I’m guessing if you’re reading this, like me, you feel poisoned by the onslaught of post-election laments, rants, hate-slinging and terror posted on social media and broadcast on television news. Like me, you’re also probably somewhat addicted to reading, which in itself is a good habit, but in this technology age, social media is like bait, luring us like a giant worm on a fishing hook into an ocean sized library of opinions, blogs, 140 character soundbites and 21st Century laments. On occasion we discover an island sanctuary, where a poem or an Internet prophet calms our soul. Internet reading choices, like a thousands species of fish in the sea, satisfy erudition, bookish cravings. Entertainment television offers escape. Yet, soon enough we feel waterlogged. Our brains loaded with abundant blog fish and Twitter sushi, we promise we’ll fast more often.
I promised myself the other night when I felt envious when a friend told me she’s never on Facebook or social media, that I’d cut my social networking in half or more. I wasn’t coveting her lovely house by the beach. I envied her social media-free, low-sensate nerve endings that makes her calm in an otherworldly sort of way.
I thought of Jesus in midst of the despair of his day, when injustice reigned under the power of political forces and religious legalism, he roamed from town to town listening to laments of the poor, the broken, the neglected and the sick. Moving in step with the first century pace, he heard the cries of injustice face to face.
Jesus wasn’t inundated by onslaughts of rants, harrassment, terror, cries and outrage at Internet speeds that we download today into our minds and hearts. His culture didn’t have heart-bearing public media sessions like those launched on the Phil Donahue show in the 1970’s, evolving into broadcast therapy sessions on Oprah and Dr. Phil, digressing into platforms in the likes of the Howard Stern Show, and trash TV like the Jerry Springer show. Jesus would surely turn over tables knowing the Twitter hate and Internet bullying between Christians with different theological perspectives in the name of Christ. Although he knew religious hypocrisy well, and the problems of blending politics and religion, and although he knew white supremacists and skinhead types of his day, even dining with some of these folks, the difference is, in the first century Jesus faced them in real-time, not reel time, not fiber-optics time.
His technology free ministry gave him ample time to retreat to quiet places to pray, where, on a regular basis, he brought his cares to God. Of course we can do the same, but it’s harder for us when technology has become an extension of ourselves, when we’re temptated to grab our phones by our bedside for one last peak.
Last night before bed, I said, ‘just one last blog’. I read a post shared by a friend on Facebook written by a mother, a popular blogger I read on occasion. She wrote about the terror she felt after internet harassment and threats from those from the alt-right movement who harassed her family for having black children. She wrote, they “inundated all of my social media sites with racist memes, posting altered racist photos of my young children and suggesting violence towards me and sexual behavior in regards to my kids.” They even posted her address and photo of her house.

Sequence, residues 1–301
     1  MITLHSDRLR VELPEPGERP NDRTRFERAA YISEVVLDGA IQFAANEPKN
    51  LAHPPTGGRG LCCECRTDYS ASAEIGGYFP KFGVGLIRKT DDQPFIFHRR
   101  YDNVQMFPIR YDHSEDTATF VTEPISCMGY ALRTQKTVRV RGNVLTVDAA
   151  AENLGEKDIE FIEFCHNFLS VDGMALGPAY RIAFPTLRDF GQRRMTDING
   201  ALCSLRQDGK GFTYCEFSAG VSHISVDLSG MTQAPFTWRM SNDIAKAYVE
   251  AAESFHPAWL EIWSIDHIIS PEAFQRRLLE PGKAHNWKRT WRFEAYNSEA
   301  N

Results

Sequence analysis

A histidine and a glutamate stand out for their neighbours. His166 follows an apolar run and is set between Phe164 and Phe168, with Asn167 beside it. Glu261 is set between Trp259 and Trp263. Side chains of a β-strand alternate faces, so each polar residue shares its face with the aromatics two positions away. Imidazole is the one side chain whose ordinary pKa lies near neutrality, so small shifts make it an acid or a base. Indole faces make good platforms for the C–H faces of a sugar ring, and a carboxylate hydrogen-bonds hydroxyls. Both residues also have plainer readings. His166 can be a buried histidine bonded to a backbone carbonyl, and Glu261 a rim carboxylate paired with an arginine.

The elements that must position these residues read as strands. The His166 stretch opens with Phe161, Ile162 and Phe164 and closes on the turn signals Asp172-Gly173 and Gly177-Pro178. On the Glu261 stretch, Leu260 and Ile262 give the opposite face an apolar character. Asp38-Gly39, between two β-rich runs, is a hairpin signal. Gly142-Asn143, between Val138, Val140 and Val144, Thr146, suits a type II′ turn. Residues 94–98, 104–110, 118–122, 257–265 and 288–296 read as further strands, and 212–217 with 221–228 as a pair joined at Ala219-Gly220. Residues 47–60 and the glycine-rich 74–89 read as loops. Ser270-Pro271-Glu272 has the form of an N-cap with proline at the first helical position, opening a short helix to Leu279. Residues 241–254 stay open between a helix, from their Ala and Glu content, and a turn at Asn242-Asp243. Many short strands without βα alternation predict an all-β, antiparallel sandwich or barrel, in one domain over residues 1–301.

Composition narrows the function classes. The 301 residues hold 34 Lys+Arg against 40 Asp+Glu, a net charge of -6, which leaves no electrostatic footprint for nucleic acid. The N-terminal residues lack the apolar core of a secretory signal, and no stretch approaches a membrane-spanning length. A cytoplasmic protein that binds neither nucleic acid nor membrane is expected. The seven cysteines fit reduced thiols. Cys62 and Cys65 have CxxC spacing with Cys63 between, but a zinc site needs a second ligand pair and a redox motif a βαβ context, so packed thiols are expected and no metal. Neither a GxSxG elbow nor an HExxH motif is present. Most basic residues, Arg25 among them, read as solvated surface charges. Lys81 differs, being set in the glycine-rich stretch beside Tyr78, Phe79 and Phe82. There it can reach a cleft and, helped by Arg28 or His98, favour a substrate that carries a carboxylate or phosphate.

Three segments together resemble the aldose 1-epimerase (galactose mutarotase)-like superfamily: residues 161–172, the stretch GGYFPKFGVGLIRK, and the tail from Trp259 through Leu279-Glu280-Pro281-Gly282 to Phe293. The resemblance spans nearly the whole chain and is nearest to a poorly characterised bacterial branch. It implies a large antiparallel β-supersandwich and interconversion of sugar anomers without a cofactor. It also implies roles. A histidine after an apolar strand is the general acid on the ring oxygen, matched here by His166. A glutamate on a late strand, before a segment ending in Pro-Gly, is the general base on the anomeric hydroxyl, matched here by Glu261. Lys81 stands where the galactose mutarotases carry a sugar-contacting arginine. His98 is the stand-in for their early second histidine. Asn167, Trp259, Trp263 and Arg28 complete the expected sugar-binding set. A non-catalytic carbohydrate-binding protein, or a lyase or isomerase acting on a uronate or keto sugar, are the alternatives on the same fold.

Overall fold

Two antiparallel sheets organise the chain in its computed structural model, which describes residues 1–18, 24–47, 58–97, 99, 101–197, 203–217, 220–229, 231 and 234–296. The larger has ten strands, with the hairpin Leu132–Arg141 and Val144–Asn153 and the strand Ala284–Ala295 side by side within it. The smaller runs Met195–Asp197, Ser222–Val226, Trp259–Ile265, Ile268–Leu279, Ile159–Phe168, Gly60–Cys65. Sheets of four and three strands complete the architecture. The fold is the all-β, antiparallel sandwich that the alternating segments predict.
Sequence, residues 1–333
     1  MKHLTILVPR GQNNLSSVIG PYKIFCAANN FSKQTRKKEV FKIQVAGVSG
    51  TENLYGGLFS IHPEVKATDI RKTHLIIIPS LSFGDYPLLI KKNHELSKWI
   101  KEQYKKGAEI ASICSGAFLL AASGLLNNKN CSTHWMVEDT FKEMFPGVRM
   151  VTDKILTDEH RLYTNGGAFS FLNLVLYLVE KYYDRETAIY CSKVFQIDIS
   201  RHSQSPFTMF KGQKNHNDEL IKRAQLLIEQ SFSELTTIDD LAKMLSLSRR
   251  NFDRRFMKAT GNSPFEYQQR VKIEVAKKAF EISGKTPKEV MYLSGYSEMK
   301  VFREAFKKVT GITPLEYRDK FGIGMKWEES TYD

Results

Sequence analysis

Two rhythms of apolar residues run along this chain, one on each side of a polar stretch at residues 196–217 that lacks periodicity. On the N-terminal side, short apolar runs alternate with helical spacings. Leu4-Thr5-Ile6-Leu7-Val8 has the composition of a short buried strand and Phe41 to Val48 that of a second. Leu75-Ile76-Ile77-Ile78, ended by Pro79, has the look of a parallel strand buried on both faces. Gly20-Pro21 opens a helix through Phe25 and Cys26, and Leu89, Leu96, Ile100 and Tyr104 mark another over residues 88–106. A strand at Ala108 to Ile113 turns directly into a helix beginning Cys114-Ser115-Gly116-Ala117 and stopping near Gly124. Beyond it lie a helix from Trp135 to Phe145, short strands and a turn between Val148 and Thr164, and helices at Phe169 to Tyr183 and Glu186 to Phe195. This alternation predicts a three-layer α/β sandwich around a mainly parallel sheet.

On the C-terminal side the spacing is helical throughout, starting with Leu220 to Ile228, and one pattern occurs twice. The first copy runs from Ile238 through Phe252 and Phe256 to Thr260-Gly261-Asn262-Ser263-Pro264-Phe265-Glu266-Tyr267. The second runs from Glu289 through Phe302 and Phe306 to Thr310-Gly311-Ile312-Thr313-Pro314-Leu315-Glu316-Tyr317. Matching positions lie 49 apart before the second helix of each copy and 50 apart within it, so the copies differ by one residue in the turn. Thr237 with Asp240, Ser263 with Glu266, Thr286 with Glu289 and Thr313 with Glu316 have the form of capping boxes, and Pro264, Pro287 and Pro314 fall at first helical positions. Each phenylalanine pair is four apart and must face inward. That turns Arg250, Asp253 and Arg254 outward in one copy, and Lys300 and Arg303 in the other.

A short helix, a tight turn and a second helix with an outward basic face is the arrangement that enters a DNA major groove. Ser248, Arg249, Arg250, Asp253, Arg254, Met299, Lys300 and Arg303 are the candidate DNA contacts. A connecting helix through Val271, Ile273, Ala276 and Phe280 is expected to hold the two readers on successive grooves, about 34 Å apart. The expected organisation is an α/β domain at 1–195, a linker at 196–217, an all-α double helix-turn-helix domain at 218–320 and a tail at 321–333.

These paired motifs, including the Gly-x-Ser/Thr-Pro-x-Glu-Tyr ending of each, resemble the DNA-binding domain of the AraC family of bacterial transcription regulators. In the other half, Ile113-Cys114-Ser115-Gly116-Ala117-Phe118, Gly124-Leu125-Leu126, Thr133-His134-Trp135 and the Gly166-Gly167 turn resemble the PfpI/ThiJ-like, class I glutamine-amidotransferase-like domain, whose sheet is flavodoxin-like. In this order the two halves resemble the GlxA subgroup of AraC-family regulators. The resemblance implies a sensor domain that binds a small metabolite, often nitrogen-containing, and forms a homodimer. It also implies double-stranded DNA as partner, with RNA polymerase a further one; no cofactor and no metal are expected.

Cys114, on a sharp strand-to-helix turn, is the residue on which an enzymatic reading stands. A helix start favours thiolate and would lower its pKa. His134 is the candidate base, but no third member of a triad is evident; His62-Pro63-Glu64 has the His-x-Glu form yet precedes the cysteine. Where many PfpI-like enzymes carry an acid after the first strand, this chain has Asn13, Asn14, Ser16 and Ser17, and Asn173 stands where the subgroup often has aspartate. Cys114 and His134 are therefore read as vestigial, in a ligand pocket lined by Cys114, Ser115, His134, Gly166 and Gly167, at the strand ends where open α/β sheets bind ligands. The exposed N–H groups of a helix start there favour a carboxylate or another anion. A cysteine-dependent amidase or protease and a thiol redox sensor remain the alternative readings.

Her words struck my nerves light lightening. Already tired from a long day, I had no defenses. Sorrow filling my weary soul caused a restless sleep. I woke with despair. Sure, atrocities went on in Jesus’ days, but such news didn’t travel at light speed to a device in the hands of someone going to bed. We need to be careful of the post-traumatic stress from too much information and hate flooding into our minds from media. We need the spirit of self-control to limit our media usage. If our phones have become like extensions of our hands, then put them out of sight, or turn off the TV and take a week off from Facebook (deliver us from temptation oh Lord!)
Even more so in this precarious Information Age, we need ample time for abiding in God’s love, for hearing and knowing God’s will. Yet, this requires receptivity and a calm and humble spirit so we can hear God’s call in order to do our part in fulfilling the dire needs of the world. This requires the awareness that technology, with all it’s power, is not our god. It means chosing healthy online habits, and making prayer and time with God a priority.
My work requires a good deal of computer work, and keeping step with worldly affairs. But I know the dangers of being pulled into the media vortex. I’m doing a few things this week. I’m limiting media time other than work to 30 minutes a day to check news on one or two sites I trust, and to read a few blogs. Before bedtime, I’m leaving my phone downstairs, away from my bed. I’ve used my phone as a clock, so I’m replacing it with a clock. I’m trashing my Facebook phone app which vibrates when someone posts, making it more tempting to view the news threads many times a day.
By limiting our media use and spending more time in prayer and with God, we immerse ourselves in love, for God is love. In love, there is no fear, including no fear of the state of our world. Entering into the kingdom of love is where we build our faith, humility and hope. This is how we become lights on the hill.
Promise me, promise yourself, and I’m with you in this. Unplug often, take walks, close your door and pray, avoid the temptation to turn on your phone by the bedside and instead, seek God, seek God, seek God always. Make your life about listening for God’s still quiet voice that says, go this way. Soak yourself in the great ocean of love.
And remember, we’re needed. We’re so needed. Offline.
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